Remembering that she quickly saw her at the funeral in Centennial Park (unlike the source material where it was so crowded that several superheroes had to calm growing scuffles), Lois decides to head out to Smallville and talk to Martha Kent (voiced by Swoozie Kurtz). Unlike the comics where she and Superman have been in a relationship for years and thus has gotten to know his Earthbound parents, she tells Ma Kent about what it was like to be romantically involved with him for several months and how heartbroken she has become since his passing. Martha is able to understand her dilemma and lets her inside so that they can continue their conversation over coffee.
On a minor note, Jimmy Olsen’s photography during the fight against Doomsday has caught attention from outside media. In the comics, it’s from Newstime Magazine who wishes to make a tribute issue to Metropolis’ signature hero, and they want to use one of his photos “that symbolize Superman” as their cover. Here, he’s approached by Damon Swank who manages to sway him away from the Daily Planet and work for his gossip magazine called the National Voyeur.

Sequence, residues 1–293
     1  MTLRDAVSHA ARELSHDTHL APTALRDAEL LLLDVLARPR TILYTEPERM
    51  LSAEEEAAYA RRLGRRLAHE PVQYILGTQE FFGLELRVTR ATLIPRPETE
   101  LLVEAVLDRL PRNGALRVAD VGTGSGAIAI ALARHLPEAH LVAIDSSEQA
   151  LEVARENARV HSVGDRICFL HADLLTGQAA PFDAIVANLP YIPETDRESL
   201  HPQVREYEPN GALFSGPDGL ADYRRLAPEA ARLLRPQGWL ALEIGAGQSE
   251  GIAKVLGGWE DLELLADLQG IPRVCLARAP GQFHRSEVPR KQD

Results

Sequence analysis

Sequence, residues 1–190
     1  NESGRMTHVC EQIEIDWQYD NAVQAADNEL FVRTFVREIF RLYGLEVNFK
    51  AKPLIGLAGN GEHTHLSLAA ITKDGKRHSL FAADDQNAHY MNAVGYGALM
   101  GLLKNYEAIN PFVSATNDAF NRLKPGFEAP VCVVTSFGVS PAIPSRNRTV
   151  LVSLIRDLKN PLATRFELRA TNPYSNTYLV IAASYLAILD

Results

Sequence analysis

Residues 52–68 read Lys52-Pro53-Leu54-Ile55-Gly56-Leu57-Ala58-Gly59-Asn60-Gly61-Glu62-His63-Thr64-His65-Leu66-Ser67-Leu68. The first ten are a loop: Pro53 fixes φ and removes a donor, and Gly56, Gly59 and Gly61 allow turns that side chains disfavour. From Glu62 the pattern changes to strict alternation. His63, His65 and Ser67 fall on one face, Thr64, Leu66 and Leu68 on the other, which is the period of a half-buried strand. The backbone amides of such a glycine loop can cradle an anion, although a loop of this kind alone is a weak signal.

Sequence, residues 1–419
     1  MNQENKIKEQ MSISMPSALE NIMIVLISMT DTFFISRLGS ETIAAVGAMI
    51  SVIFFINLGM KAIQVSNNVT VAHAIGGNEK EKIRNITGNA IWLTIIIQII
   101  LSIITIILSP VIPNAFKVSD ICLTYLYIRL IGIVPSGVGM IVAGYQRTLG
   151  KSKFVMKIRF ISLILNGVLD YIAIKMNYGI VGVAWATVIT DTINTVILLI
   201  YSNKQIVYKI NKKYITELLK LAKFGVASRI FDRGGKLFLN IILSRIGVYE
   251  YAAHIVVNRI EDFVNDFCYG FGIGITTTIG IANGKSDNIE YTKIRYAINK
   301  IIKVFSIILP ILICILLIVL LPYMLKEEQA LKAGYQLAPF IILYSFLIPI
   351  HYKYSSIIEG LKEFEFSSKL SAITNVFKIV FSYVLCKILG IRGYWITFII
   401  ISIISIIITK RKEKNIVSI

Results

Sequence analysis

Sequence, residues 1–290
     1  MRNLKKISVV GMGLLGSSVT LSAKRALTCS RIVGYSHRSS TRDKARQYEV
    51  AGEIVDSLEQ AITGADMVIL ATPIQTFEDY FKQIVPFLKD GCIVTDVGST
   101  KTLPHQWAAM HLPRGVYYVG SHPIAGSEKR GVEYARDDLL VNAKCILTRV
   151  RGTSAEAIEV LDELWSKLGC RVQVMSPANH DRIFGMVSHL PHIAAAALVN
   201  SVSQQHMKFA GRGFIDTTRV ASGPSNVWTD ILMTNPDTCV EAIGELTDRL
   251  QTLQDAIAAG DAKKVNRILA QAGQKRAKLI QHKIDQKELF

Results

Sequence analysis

One of the true weaknesses of this film is that because of its small runtime (1 hour, 17 minutes), we don’t get too much of an exploration of the struggles that Metropolis goes through once Kal-El is out of the equation for a while. After Paul Westfield’s first failed attempt to claim Superman’s body, Supergirl (alongside Team Luthor, his personal team of agents in mechanized body suits) is appointed as the city’s protector. At a few points in this part of the arc, Cadmus’ costumed hero Guardian had even taken to the streets to stop a few crimes. On a smaller scale, we have Bibbo Bibbowski. He’s initially offended by a young man who’s selling merchandise in order to capitalize on Superman’s funeral. After learning that the man is trying to raise some money in order to find a new place for him and his family to live after their prior home burned down, Bibbo buys all of his merchandise and gives him a job at his Ace O’ Clubs pub. Later in the overall story’s third arc, he hears about the rising crime rate on his radio and suits up to try and make a difference for his community in Superman’s honor. When he’s over by the waterfront in Suicide Slums, he finds out that an elderly woman has decided to throw a duffel bag full of puppies into the water since she’s unable to feed them. He dives in and recovers the bag, but only one (a white-haired pup) survives. With that lone dog saved, he decides to adopt it and names it after Superman’s home planet: Krypton.